You press the Tab key again, it will bring those back. Let's say that you want to minimize the entire interface. You want to minimize the identity plate, and the module picker, and the panels, and the filmstrip down below. What you need to do is press good old Shift + Tab. By pressing Shift + Tab what it we'll do is it will hide practically everything, but the image and the toolbar. This is really helpful, because again you can minimize the interface. So, you can focus in on the image. All right, a couple of more shortcuts for you, and one of my favorite shortcuts has to do with the lights out mode.
If you press the L key once, what it will do is, actually dim the lights. Press it one more time and will turn the lights all the way on. All right, for this next shortcut, I need to move Lightroom over a little bit. So we can deconstruct how this works. As you deal with the different full screen view modes, Lightroom has a couple of different full screen view modes. And if you press the F key, you can toggle through the different view modes. If you press at once, it will get rid of the title bar, which shows you the catalog, what not. If you press it one more time, we'll get rid of those pull down menus. In this way, you can really minimize the interface and even more open up more space for the image.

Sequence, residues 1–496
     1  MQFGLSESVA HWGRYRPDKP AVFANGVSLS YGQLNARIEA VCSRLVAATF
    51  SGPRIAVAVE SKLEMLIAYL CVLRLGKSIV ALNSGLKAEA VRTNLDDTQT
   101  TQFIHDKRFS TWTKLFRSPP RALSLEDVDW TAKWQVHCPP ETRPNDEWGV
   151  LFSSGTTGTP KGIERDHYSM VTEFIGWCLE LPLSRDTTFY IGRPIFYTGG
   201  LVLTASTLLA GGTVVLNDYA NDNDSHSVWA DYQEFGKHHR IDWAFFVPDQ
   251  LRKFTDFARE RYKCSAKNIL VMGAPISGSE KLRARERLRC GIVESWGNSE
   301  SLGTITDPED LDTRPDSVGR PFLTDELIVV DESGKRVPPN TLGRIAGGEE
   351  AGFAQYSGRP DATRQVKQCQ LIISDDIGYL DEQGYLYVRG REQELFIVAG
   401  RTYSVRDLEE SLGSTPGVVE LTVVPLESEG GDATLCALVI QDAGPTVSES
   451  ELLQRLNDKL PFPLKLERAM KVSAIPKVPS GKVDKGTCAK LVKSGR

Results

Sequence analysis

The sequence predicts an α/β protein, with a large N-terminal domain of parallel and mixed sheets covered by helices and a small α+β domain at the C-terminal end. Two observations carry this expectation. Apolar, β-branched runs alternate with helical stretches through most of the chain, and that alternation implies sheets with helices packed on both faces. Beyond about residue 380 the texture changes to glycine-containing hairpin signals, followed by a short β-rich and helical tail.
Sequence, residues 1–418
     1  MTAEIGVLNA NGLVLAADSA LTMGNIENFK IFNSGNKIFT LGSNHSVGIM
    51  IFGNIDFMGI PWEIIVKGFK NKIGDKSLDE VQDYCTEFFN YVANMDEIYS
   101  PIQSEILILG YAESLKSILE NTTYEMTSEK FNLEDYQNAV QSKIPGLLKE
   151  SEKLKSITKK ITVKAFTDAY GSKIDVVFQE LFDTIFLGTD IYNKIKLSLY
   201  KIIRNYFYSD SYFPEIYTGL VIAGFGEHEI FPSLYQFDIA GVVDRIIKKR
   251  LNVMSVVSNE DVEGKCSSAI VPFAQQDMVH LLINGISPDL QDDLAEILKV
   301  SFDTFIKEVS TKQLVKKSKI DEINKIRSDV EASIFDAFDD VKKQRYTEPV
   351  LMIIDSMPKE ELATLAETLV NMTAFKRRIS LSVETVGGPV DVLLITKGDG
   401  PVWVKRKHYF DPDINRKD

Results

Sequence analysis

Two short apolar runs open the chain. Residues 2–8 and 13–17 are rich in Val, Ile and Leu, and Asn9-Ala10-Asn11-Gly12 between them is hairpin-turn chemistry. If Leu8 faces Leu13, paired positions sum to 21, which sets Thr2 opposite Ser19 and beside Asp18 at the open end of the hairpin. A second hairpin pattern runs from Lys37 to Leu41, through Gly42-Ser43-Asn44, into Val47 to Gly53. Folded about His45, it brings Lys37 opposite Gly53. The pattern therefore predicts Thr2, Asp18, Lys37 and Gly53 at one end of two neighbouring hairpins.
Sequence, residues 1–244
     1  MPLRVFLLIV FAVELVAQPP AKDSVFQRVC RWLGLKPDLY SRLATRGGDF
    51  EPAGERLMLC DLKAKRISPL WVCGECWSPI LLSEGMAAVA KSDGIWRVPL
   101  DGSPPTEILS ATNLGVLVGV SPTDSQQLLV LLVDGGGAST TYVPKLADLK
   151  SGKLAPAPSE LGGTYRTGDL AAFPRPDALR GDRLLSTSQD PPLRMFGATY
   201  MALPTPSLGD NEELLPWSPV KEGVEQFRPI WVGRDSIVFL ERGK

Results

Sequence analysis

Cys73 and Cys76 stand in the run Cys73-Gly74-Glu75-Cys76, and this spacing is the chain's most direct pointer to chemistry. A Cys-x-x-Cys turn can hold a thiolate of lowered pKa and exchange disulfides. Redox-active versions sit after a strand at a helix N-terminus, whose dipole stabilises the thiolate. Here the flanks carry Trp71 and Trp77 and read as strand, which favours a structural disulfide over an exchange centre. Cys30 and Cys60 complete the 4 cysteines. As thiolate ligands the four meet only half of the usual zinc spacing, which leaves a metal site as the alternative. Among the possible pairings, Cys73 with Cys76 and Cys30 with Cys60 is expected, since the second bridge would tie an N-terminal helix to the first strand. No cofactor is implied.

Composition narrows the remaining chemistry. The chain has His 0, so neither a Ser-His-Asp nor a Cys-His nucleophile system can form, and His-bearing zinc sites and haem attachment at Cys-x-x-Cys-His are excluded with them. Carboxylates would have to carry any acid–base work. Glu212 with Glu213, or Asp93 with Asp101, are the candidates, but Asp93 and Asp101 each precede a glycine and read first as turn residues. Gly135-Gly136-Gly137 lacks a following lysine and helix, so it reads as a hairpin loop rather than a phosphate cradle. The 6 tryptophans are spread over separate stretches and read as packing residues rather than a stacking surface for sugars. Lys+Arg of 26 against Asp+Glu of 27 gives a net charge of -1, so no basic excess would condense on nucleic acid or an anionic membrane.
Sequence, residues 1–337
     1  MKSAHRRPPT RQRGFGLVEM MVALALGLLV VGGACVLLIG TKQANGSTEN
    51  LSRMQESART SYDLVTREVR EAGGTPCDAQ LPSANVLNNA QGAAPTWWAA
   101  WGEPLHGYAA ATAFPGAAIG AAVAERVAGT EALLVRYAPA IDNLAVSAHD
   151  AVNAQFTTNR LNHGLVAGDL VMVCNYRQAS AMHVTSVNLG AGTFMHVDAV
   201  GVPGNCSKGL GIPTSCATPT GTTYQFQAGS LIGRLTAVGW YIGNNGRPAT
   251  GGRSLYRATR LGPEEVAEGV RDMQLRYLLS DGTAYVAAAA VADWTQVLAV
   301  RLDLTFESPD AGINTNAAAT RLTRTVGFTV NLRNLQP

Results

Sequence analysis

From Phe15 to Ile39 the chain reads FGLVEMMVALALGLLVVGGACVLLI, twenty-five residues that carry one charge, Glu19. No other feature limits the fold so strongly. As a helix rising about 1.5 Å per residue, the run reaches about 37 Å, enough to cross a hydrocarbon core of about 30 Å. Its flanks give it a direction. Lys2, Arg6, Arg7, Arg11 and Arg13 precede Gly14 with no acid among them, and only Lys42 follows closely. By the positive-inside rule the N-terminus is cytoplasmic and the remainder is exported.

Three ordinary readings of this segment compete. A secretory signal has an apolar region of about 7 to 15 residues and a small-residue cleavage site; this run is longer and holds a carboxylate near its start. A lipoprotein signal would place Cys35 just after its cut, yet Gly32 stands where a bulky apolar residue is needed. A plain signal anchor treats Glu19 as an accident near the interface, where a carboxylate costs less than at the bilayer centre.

All right, what now I want to do is to see how the shortcuts work in real life. First shortcut, that I'm going to do is press the F key once, and then, press it again. You can see I have gone to this full screen view mode. I press it again. It takes it back to the regular view. A few other shortcuts that we talked about were pressing the F keys, F5, 6, 7, 8. F5 once gets rid of the identity plate, and the module picker on top. F6 gets rid of the filmstrip down below. Press it again and bring it back. F7 is left panels. Again press again to bring it back. And then F8 the right panel and then press it again to bring it back.
I also talked about a way that you can minimize both the left and right-hand panels and that's with the good old Tab key. Press it again brings those back. If I press shift + Tab, it's going to get rid of everything at the top and everything at the bottom except for the toolbar and how do I get rid of the toolbar. Let's by pressing the good old T key and I get rid of the toolbar. And press it again to bring it back and press shift + Tab again, which brings back the rest of the interface. Now, what I'm going to do is go to the lights out view mode. I press L once, it dims the light. And then press L again to turn the lights out.
Now I can really focus on the image. It helps me evaluate the image in a really new way. Finally, I'll press the L key again. It will turn the lights back on. All right, well, that wraps up our first look at the Lightroom interface and a few essential Lightroom shortcuts. In the next few movies we'll learn some more techniques that will help us customize interface even further.